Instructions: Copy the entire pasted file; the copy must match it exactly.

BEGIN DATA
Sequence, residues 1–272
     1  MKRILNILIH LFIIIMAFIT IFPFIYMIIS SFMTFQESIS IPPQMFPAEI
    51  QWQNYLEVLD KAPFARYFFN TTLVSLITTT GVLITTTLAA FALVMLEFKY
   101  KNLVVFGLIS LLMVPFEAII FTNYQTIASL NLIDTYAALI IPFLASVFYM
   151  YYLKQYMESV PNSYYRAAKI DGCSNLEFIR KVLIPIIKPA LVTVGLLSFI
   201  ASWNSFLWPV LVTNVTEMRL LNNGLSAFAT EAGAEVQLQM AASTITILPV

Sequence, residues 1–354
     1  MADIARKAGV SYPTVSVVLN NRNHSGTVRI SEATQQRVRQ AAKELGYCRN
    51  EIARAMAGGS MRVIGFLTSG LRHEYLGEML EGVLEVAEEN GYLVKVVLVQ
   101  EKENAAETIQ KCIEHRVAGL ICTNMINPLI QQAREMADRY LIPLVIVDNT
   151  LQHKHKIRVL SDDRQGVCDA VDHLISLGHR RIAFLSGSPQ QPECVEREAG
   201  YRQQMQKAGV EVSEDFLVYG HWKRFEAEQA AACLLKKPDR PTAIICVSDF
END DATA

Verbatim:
Sequence, residues 1–272
     1  MKRILNILIH LFIIIMAFIT IFPFIYMIIS SFMTFQESIS IPPQMFPAEI
    51  QWQNYLEVLD KAPFARYFFN TTLVSLITTT GVLITTTLAA FALVMLEFKY
   101  KNLVVFGLIS LLMVPFEAII FTNYQTIASL NLIDTYAALI IPFLASVFYM
   151  YYLKQYMESV PNSYYRAAKI DGCSNLEFIR KVLIPIIKPA LVTVGLLSFI
   201  ASWNSFLWPV LVTNVTEMRL LNNGLSAFAT EAGAEVQLQM AASTITILPV

Sequence, residues 1–354
     1  MADIARKAGV SYPTVSVVLN NRNHSGTVRI SEATQQRVRQ AAKELGYCRN
    51  EIARAMAGGS MRVIGFLTSG LRHEYLGEML EGVLEVAEEN GYLVKVVLVQ
   101  EKENAAETIQ KCIEHRVAGL ICTNMINPLI QQAREMADRY LIPLVIVDNT
   151  LQHKHKIRVL SDDRQGVCDA VDHLISLGHR RIAFLSGSPQ QPECVEREAG
   201  YRQQMQKAGV EVSEDFLVYG HWKRFEAEQA AACLLKKPDR PTAIICVSDF